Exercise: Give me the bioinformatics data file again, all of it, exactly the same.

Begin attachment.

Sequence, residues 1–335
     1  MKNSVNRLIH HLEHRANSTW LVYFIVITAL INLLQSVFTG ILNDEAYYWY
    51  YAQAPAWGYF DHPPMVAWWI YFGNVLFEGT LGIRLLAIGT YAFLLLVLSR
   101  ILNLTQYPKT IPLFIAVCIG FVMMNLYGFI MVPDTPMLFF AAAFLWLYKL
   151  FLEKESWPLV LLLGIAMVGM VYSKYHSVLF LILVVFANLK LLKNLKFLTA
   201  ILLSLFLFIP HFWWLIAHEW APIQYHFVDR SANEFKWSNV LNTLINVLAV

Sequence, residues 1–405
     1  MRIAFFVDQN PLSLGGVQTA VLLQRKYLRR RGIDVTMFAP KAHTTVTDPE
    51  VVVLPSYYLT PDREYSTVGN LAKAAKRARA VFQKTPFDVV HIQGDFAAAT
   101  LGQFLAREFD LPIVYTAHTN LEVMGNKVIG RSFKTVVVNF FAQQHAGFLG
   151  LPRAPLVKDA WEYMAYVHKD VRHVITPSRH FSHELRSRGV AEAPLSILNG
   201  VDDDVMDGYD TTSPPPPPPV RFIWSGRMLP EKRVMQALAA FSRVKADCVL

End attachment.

Sequence, residues 1–335
     1  MKNSVNRLIH HLEHRANSTW LVYFIVITAL INLLQSVFTG ILNDEAYYWY
    51  YAQAPAWGYF DHPPMVAWWI YFGNVLFEGT LGIRLLAIGT YAFLLLVLSR
   101  ILNLTQYPKT IPLFIAVCIG FVMMNLYGFI MVPDTPMLFF AAAFLWLYKL
   151  FLEKESWPLV LLLGIAMVGM VYSKYHSVLF LILVVFANLK LLKNLKFLTA
   201  ILLSLFLFIP HFWWLIAHEW APIQYHFVDR SANEFKWSNV LNTLINVLAV

Sequence, residues 1–405
     1  MRIAFFVDQN PLSLGGVQTA VLLQRKYLRR RGIDVTMFAP KAHTTVTDPE
    51  VVVLPSYYLT PDREYSTVGN LAKAAKRARA VFQKTPFDVV HIQGDFAAAT
   101  LGQFLAREFD LPIVYTAHTN LEVMGNKVIG RSFKTVVVNF FAQQHAGFLG
   151  LPRAPLVKDA WEYMAYVHKD VRHVITPSRH FSHELRSRGV AEAPLSILNG
   201  VDDDVMDGYD TTSPPPPPPV RFIWSGRMLP EKRVMQALAA FSRVKADCVL